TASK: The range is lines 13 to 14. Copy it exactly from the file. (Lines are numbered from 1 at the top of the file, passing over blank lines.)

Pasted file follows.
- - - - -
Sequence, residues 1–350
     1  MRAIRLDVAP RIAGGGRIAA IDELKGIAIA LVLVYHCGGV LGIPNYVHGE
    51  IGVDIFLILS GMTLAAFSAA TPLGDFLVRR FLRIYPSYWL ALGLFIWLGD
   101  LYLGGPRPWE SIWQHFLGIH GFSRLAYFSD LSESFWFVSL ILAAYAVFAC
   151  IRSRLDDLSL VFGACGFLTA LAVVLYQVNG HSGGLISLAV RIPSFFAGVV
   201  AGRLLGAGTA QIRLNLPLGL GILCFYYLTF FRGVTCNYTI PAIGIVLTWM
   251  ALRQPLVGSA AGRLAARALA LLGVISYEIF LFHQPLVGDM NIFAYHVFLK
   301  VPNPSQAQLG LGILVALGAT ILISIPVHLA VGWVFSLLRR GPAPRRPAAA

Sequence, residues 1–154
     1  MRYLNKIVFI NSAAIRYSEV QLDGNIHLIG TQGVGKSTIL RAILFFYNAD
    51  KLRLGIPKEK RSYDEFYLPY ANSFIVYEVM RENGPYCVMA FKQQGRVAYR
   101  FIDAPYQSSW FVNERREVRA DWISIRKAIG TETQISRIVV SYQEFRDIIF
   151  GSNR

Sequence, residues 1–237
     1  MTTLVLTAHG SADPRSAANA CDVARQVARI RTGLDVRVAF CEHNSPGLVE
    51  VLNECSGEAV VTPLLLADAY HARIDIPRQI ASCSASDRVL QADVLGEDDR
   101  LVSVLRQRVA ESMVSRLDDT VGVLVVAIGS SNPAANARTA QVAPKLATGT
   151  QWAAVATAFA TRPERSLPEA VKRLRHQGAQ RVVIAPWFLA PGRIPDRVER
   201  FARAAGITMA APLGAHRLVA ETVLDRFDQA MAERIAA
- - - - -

   151  GSNR

Sequence, residues 1–237